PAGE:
Prof. RETSINAS: We do make the observation, which doesn't seem obvious if you think of the last two years, that indeed we've had situations where prices do fall. As we've studied why and when prices fall, there are two factors that seem to contribute most to price falling.

One is substantial overbuilding and the other is job loss. While there are pockets in this country where there is substantial overbuilding, that's generally not the way it plays out nationally. And our economy is sputtering along producing jobs. So that leads us to the conclusion that while double digit price appreciation is a thing of the past, that it can't be sustained, that what we're looking for at least in the next few years is a much flattened price appreciation over time. Over the long run however, we tend to be relatively bullish in terms of prices because we still have a growing population. And in many markets there continues to be constraints on supply. So a rough, rocky patch, lots of rain and clouds and maybe thunderstorms, but we don't think the sky will fall on the housing sector.

Ms. MALVEAUX: Nick, I'm concerned about the people who are doing ARMS, you know the adjusted rate mortgages, and the number of people who are actually not paying for their homes, but they're paying the interest. With interest rates going up, it seems to me that we're in more trouble than we think we are because of the number of people who are really not paying for their housing.

Prof. RETSINAS: That's a good observation. The problem is not so much the number of people taking adjustable rate mortgages. Indeed, in other time we've had higher percentages. The problem is some of these new products shift all the interest rate risk to the homebuyer. These interest only, these option ARMS, where you can pay less then monthly payment that's due.

And you're right, in a time where housing prices continue to appreciate, in a time when our economy has jobs that get regular salary increases, then most people would be able to accommodate. But now with prices flattening you don't have that outlet, and as we know in our economy, we don't necessarily produce jobs that have regular salary increases.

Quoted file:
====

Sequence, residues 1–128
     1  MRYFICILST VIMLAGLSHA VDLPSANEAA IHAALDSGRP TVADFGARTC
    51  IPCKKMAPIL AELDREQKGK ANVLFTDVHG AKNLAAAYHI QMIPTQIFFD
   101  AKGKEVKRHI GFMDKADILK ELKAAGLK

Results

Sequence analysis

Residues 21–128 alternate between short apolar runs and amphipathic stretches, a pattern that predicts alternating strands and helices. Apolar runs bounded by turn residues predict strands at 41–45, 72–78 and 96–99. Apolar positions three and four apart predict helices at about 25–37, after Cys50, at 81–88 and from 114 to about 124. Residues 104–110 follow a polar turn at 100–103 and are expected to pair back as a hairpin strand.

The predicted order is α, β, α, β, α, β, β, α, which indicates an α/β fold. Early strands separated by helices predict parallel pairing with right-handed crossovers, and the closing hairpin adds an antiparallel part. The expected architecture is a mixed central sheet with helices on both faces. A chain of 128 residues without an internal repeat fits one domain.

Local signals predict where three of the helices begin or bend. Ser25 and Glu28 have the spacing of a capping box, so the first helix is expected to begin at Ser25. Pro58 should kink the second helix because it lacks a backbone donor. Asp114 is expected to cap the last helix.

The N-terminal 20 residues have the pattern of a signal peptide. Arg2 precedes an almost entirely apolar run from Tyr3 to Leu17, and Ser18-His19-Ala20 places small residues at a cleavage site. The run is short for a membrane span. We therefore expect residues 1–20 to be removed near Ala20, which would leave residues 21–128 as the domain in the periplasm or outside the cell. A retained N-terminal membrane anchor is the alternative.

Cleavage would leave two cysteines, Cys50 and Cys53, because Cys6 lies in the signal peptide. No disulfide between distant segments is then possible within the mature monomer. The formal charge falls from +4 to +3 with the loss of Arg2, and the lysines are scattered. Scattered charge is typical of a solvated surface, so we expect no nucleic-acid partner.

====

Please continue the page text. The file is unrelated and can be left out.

So we are at some risk. I wrote an article where I called this in sense the real housing bubble, which is when these new mortgages recalibrate, will people be in position to pay them off.

Ms. MALVEAUX: And we look at younger people who are going in and they're paying interest only expecting to get these salary increases, but not necessarily expecting the interest increases that we now know are going to happen for the next two years.

Prof. RETSINAS: I don't know that it's necessarily that they don't know. I mean, in some cases they don't and some cases they have been misled.

Ms. MALVEAUX: Is it false optimism?

CHIDEYA: Let me jump in here guys and give you an actual real life example. I have some friends here in Los Angeles, they have three mortgages. I don't know exactly how that happened, but they had to get three separate mortgages, larger and smaller in order to pay for their house.

That's what I'd call aggressive financing. And, Julianne, I think it speaks to the optimism but also, you know, the fear. It's a tightrope act and I think that some of these mortgages will get paid off earlier than others. And, Nick, if there is any kind of decline in the American economy, could we see a raft of foreclosures, for example?

Prof. RETSINAS: You could. I think you'll see pockets. I think what it speaks to is desperation. Prices have climbed and risen so precipitously in some places that people look at it and say, gee, if I don't get in now, I will never get in, because there is no way that I can accumulate savings to keep pace with rising prices.

And we are at risk. If the economy were to stumble because of macroeconomics issues - oil prices, global economics changes - then we could be in for a rash of foreclosures and they won't be evenly distributed. They'll generally be in lower income areas. These kinds of products not only are active in California, but some inner city markets. So in a sense some of those neighborhoods will be even more at risk.